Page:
Campus Technology Services

Taking Steps for the Future

Do you use peer-to-peer (P2P) programs like Kazaa, Bit Torrent, Gnutella, or Limewire to listen to and share music files? Did you know that you could be violating the Digital Millenium Copyright Act (DMCA) by doing so? This could impose civil and criminal penalties including fines, jail time, and lawyer’s fees. Note that the minimal per instance fine associated with copyright infringement for civil penalties is $750.00 and criminal penalties can go as high as $250,000 per instance and five years in prison.

The DMCA was passed in 1998 to help protect copyrighted material from being copied and shared digitally. This includes copyrighted music and songs. If you are downloading music that is copyrighted and haven’t paid for it, you are violating the DMCA. If you are ripping copyrighted CDs onto your computer and then sharing them, you are violating the DMCA. In addition, if you are sharing copyrighted movies and/or television programs, you are violating the DMCA. How do you know if something is copyrighted? Most material will say so either somewhere on it or on the case that it might have come in, but a good sign that something is copyrighted is if someone had to BUY it.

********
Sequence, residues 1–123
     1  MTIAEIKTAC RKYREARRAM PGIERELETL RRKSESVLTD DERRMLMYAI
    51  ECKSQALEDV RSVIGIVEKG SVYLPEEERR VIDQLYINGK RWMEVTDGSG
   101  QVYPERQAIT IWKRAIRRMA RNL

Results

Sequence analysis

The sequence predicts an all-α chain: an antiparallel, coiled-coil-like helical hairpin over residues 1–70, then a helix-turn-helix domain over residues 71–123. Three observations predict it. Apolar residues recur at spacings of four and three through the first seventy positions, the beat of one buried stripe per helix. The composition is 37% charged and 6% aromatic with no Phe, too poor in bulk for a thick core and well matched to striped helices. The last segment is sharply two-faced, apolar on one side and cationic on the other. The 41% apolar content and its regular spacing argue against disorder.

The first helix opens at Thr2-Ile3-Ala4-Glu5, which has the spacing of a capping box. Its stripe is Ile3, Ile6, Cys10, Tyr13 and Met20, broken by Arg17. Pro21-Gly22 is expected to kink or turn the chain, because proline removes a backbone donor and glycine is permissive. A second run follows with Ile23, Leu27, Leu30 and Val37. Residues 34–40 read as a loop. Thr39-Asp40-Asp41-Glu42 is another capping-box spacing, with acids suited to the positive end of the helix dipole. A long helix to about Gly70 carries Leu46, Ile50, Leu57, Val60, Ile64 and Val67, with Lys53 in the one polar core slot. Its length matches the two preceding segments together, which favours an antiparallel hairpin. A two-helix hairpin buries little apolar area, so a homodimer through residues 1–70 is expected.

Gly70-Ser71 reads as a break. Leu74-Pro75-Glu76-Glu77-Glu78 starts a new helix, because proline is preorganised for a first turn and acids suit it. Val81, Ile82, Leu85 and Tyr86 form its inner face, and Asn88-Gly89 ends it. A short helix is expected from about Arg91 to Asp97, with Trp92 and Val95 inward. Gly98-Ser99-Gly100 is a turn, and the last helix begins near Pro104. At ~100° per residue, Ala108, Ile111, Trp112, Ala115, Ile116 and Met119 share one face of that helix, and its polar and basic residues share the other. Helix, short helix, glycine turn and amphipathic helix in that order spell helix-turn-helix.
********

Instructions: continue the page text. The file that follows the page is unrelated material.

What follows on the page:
Sometimes, SUNY Oswego receives warning notices from the Recording Industry Association of America (RIAA) and other companies of material that is being shared illegally from our campus. SUNY Oswego immediately takes action upon receiving these notices. There is a formal procedure that is followed when the campus receives these notices. Detailed information about the steps that we take upon receiving a notice is on our DMCA notification procedures page. Since February 2007, the RIAA is more aggrassively targeting university students who are violating the DMCA. Instead of sending warning notices, they are sending pre-lawsuit letters to students on university campuses who have been found uploading and/or downloading copyrighted material. The pre-lawsuit allows them to settle at a reduced amount of money than if the case goes to court. Note that the minimal per instance fine associated with copyright infringement is $750.00 but can go as high as $250,000 and five years in prison.

What can you do to make sure you aren't illegally sharing music files or other copyrighted files on a peer-to-peer network?

  1. Make sure you own any copyrighted music, movies, etc. on your computer. You are allowed to rip a music CD that you have purchased to your computer - you just can't share it through the popular peer-to-peer file sharing programs. Remove any files that you do not own or purchase them through the Apple iTunes store or other online music/video store including MSN Music, Napster, Walmart, Yahoo Music, and more.
  2. Make sure your peer-to-peer file sharing program is not automatically sharing files. The University of Chicago has a great page on how to check the popular file sharing programs to see if you are sharing music files.
  3. Watch the video on downloading music published by the Recording Industry Association of America (RIAA)
  4. Tell your friends!

Below are some additional resources: